If you happen to be lucky enough to have ticket to “Hamilton” on Broadway at the Richard Rodgers Theater on West 46th Street — or, for that matter, if you are going to any Broadway show, West 46th Street offers a choice of restaurants for a pre-theater dinner, a pre-matinee lunch. or supper post performance.
A favorite with New Yorkers and tourists alike, is Orso at 322 W. 46th Street between 8th and 9th Avenue and just a block west of “Hamilton.” It’s a 30 year old n Italian restaurant, located a few steps below sidewalk level. The menu is more traditional than adventurous, but almost everything is good. The restaurant opens at noon (half an hour earlier on Wednesdays and weekends) and is open until 11:45 p.m., late enough for a post-theater snack.
Calves’ liver is a specialty, served in small pieces, cooked to order. The liver is topped with crispy fried onions and finished with balsamic vinegar. Duck breast, roast chicken, steak and scallops are other main courses. Appetizers range from pan fried baby artichokes to white asparagus with prosciutto.
Pastas are excellent, available both in appetizer or entree portions. Asparagus with mushrooms, burrata and tomato sauce, or ham, cream and peas are some of the options, as is risotto. Pizzas are also first rate and can serve as a first course for the table.
A couple of doors down the street from Orso at 326 W.46th Street, is Joe Allen, a restaurant that’s been in business since 1965 when hamburgers cost 75 cents and a ticket to a Broadway show cost $7.50. The walls are adorned with posters of plays and musicals that flopped: “Everyone remembers the hits, but we revel in the flops,” says the restaurant.
Joe Allen is a popular meeting place for a quiet lunch and a lively pre-theater dinner. The food is basically American, including hamburgers, cajun chicken sandwiches, lobster and crab rolls, meat loaf (on the dry side) and steak. There’s also a rich Thai vegetable stew. Before 3 and after 8 p.m., brisket sandwiches, smoked salmon with scrambled eggs, and tostadas with chorizo, kidney beans and cheese, topped with a fried egg, are served. The restaurant is open from noon (11:30 on Wednesdays and weekend) until 11:45, midnight on Fridays and Saturdays.
Frankie and Johnnie’s Steakhouse (320 W.46th Street) is a classic steakhouse. Unlike Joe Allen and Orso, it is not open all day with the same menu at the same prices, but is open for lunch Tuesday to Saturday from 11:30 to 2:30 and for dinner every day from 4:30 to 11:30, except on Sunday when the hours are 11:30 to 8:30. The lunch menu includes a sliced steak sandwich, sauteed chicken, calf’s liver, penne, and salads. Dinner include clams, oysters and shrimp, and a number of different steak options: sirloin, rib-eye, porterhouse and filet mignon. Lamb chops, veal and pork chops, scampi, sole, lobster tails, salmon and surf and turf round out the menu.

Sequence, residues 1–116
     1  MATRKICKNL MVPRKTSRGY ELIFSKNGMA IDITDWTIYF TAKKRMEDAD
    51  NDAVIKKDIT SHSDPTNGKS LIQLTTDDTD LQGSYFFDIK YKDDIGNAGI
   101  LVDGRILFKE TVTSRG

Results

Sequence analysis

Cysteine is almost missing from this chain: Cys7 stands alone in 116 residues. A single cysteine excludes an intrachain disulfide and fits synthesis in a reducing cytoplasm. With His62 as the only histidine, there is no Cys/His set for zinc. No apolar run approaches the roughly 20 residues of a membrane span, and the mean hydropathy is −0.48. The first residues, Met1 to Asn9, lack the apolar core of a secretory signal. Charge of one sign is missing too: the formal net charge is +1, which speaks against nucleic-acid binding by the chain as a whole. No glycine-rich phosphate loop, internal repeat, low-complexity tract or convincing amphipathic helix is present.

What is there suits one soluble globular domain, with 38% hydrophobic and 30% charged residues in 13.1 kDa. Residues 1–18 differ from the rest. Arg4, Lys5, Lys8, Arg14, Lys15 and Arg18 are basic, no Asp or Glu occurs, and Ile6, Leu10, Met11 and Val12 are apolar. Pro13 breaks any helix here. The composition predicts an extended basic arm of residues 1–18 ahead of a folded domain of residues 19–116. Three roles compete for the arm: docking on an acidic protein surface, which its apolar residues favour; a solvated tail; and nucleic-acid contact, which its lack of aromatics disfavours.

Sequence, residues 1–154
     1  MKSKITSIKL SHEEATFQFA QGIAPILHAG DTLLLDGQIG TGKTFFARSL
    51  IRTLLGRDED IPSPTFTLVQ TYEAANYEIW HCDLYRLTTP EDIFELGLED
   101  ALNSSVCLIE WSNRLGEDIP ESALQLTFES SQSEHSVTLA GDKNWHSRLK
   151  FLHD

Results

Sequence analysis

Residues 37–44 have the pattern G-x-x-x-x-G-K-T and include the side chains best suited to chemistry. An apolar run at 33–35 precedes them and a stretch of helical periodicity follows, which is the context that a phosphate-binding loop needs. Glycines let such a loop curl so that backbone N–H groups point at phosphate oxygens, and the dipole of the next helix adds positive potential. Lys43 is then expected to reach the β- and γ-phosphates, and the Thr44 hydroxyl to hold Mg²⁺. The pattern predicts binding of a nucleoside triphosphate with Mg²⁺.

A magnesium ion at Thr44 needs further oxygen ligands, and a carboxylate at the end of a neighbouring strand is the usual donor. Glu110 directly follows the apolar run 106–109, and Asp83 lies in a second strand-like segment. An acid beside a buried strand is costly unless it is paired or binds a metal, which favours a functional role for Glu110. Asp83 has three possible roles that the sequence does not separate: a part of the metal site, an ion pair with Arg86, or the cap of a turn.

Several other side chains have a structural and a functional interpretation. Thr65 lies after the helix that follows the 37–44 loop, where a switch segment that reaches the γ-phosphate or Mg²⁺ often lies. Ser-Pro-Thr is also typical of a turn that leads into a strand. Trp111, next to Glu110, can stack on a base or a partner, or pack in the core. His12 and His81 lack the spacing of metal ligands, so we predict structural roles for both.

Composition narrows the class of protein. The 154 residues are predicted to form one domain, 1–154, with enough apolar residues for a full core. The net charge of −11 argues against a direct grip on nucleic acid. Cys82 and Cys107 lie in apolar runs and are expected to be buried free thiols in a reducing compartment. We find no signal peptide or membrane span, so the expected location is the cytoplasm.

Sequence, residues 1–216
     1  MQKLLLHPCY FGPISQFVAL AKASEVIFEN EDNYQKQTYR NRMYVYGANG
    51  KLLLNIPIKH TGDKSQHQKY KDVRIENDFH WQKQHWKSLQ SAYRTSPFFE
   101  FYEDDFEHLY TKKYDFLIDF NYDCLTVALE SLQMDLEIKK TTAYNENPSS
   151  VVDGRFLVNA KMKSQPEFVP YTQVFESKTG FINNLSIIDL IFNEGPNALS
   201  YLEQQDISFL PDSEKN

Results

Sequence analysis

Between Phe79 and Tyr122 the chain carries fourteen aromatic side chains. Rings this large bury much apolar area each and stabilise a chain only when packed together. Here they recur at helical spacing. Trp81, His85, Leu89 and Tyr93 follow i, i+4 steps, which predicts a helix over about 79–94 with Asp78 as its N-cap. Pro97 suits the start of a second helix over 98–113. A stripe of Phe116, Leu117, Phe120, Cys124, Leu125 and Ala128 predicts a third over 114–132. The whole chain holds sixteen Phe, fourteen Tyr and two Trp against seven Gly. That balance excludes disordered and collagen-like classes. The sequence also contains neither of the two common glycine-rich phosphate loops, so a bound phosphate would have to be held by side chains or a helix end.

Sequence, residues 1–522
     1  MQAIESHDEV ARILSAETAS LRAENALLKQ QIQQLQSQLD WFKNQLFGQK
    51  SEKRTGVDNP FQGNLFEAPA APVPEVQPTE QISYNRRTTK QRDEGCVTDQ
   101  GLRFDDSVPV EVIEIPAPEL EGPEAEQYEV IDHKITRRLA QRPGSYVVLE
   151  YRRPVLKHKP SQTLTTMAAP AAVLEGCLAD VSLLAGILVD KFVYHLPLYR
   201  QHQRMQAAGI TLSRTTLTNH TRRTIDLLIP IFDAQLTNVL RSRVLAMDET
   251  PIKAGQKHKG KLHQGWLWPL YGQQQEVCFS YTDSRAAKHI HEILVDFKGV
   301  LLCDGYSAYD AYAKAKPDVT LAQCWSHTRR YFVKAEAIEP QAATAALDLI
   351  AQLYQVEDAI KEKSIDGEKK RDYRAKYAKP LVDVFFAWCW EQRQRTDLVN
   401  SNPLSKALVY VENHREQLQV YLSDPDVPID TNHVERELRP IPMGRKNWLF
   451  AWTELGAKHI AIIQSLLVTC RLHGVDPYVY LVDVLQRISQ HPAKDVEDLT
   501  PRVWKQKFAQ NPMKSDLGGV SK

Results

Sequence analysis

The restaurant’s name is not a tribute to the ballad. Rather, legend has it, that when the restaurant first opened in 1926, it was a speakeasy and clients would knock on the door and say the password “Frankie.” The reply would be “Johnnie,” and the customer was admitted. Hence the name of the restaurant now that its speakeasy days are well in the past.
And then there’s Sardi’s at 234 West 44th Street, an institution in the theater world. Open at that location since 1927, it has hosted famous and not-so-famous actors, producers, directors and writers. Its walls are adorned with 1300 caricatures of celebrities, and it once was the place where Tony award nominations were announced.
The menu at Sardi’s is a Continental one. Appetizers include smoked salmon, prosciutto and melon, crab cakes, onion soup and steak tartare, salads and sandwiches. Main courses include sirloin steak, pork chops, spaghetti and cannelloni, a Sardi’s special. There are daily specials at both lunch and dinner, and there are a children’s menu and a post-theater supper menu. The restaurant is open Tuesday through Sunday for lunch and dinner, and Tuesday through Saturday for late supper.